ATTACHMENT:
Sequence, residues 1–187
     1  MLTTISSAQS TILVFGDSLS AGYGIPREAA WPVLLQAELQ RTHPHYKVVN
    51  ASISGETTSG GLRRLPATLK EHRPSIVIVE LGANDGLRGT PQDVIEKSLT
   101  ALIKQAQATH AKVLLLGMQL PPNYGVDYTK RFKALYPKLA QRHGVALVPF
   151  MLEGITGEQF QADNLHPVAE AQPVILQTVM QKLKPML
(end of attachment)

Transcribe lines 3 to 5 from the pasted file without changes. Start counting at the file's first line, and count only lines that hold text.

    51  ASISGETTSG GLRRLPATLK EHRPSIVIVE LGANDGLRGT PQDVIEKSLT
   101  ALIKQAQATH AKVLLLGMQL PPNYGVDYTK RFKALYPKLA QRHGVALVPF
   151  MLEGITGEQF QADNLHPVAE AQPVILQTVM QKLKPML